The son of working class parents in Brooklyn, N.Y., he grew up in public housing, managing to escape in 1970 with a football scholarship to Northern Michigan University.
After graduation, he found work in sales and marketing at Xerox Corp., then as an appliance salesman for a company that sold European coffee makers. He noticed that he was selling more of them to a fledgling Seattle company called Starbucks than to the major department-store chain Macy’s. He took a job at Starbucks as head of operations and marketing, but it was on a business trip to Italy that he decided to bring the romance of Italian espresso bars to the United States.
With the help of Christine Day, the outgoing chief executive of Lululemon, who was a financial adviser on private placement offerings, he launched his own coffee company, Il Giornale, opening two espresso bars in Seattle and one in Vancouver.
In 1987, he acquired Starbucks and kept the name, with 11 stores in all.
Ms. Day joined the company officially, putting her future in the hands of a man who “believed people would spend $2.50 for a cup of coffee when you could get drip coffee at 7-Eleven for 50 cents,” she said earlier this year.
By 2000, with Starbucks in solid shape, Mr. Schultz stepped down as CEO to focus on global strategy and expansion as chairman. But by 2007, the chain began to falter, obsessed with growth and distracted from the core coffee business. The financial crisis hit, the digital revolution arrived and an onslaught of new coffee competitors squeezed Starbucks.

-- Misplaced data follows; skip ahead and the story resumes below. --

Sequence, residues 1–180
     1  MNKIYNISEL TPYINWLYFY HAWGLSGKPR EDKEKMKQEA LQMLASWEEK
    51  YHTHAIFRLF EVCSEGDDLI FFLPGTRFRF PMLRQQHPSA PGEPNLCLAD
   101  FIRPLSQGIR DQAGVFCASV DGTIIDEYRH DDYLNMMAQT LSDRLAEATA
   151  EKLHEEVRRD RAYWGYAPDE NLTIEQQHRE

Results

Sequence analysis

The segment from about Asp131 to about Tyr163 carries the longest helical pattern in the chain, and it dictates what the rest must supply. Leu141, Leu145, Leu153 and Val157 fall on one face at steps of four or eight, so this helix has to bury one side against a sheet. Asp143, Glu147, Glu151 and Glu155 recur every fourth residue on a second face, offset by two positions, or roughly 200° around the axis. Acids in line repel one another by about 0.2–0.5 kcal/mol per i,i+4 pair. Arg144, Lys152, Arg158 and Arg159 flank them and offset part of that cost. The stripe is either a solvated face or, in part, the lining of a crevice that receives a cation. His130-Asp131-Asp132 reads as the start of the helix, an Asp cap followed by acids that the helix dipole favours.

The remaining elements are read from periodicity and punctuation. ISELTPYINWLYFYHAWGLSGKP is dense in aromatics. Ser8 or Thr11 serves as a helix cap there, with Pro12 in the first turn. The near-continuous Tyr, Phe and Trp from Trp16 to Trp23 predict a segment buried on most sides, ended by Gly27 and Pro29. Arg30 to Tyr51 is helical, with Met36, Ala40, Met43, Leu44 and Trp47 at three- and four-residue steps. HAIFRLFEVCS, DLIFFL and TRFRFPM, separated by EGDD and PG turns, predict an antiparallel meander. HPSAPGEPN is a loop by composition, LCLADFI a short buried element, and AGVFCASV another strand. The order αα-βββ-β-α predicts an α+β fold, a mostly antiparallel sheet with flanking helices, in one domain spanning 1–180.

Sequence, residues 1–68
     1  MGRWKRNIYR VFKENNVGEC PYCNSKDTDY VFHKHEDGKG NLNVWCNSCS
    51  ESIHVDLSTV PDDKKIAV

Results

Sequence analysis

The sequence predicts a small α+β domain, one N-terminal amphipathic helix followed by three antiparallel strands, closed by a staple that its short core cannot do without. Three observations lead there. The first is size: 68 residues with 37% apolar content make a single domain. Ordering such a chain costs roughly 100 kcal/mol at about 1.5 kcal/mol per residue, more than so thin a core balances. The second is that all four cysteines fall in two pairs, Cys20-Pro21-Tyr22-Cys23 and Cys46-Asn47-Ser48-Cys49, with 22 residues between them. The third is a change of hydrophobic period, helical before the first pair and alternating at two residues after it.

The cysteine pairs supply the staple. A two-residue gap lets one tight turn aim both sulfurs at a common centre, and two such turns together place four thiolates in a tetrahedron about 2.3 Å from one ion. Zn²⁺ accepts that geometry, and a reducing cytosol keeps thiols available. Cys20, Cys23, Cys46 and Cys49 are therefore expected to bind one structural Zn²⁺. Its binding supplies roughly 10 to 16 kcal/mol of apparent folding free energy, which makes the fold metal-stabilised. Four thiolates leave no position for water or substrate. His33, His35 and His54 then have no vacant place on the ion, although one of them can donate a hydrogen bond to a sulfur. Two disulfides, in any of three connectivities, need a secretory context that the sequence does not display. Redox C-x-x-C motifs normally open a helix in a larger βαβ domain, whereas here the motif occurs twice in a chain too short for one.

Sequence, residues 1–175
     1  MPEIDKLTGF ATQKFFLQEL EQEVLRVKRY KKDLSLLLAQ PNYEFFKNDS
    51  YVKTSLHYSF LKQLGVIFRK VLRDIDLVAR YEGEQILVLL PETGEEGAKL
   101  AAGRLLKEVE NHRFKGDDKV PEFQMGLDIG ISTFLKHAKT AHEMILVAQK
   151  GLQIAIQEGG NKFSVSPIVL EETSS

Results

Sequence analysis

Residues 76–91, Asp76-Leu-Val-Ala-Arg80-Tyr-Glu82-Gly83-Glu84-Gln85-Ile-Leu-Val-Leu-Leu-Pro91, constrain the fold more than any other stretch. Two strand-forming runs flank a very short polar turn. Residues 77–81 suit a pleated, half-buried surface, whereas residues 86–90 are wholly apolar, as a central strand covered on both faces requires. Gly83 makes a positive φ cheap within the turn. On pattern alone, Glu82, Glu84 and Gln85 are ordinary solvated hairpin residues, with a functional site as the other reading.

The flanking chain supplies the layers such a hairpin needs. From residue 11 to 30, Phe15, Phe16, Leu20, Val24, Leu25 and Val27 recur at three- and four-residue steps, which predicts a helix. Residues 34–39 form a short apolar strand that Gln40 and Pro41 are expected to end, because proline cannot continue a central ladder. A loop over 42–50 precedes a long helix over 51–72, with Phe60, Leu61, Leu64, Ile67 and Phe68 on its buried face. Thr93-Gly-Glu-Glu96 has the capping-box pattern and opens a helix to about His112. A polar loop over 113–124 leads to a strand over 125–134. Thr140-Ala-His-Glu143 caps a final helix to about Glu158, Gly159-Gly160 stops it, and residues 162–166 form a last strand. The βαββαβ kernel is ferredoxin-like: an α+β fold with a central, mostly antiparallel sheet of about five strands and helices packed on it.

“When it comes to Starbucks, I take every threat very personally,” Mr. Schultz writes in his 2011 book, Onward: How Starbucks Fought for its Life Without Losing its Soul. “Starbucks is in my blood. It is such a part of me that letting it unravel simply was not an option … As chairman, I held myself responsible for the problems we ourselves had created … I knew that, without daily control of the business, I was essentially powerless to stop Starbucks from sinking.”
During a vacation to Hawaii in 2007, as he was contemplating retaking the reins at Starbucks, he spoke with his pal Michael Dell, founder of the eponymous computer company, who had just returned to the top job at his company.
At the time, Mr. Dell shared with him his own “transformation agenda.” It became a call to action for Mr. Schultz, helping him realize the scale of change and precision decision-making needed at Starbucks.
He returned in January, 2008, and on Feb. 26, closed 7,100 U.S. cafés for three hours in the afternoon to retrain baristas in the art of making the perfect espresso.
Taking control is an operating principle for Mr. Schultz, whether it’s the quality of the coffee Starbucks serves, or the way its distinctive beans are distributed.
Now that the company is back on firmer ground, Mr. Schultz has been adding more complexity to the operation, acquiring upscale companies such as La Boulange bakery and Teavana – an attempt to do for tea what Starbucks did for coffee.
“We’ve been selling food for 30 years,” he told a conference call last month. “It just hasn’t been as good as our coffee. Now our food is as good as our coffee and we have a story to tell.”
It’s a story that’s helped fuel Starbucks’s sales growth at stores open a year or more: They rose 8 per cent in its key U.S. market in 2013, compared with 1.3 per cent gains at Tim Hortons’s U.S. restaurants so far this year and 0.9 per cent in its Canadian stores.
For Mr. Schultz, it means Starbucks is “a 24-hour job,” he says.
“The only time that I’m not thinking about Starbucks is when I’m sleeping.” Even then, he probably is, he adds. “I’ve never said that before, but it’s true … I think when you love something like this there’s a deep responsibility that goes with it.”
Family is important to him, but he doesn’t talk much about it. Daughter Addison is a graduate student studying social work in New York, son Jordan writes about sports for the Huffington Post.
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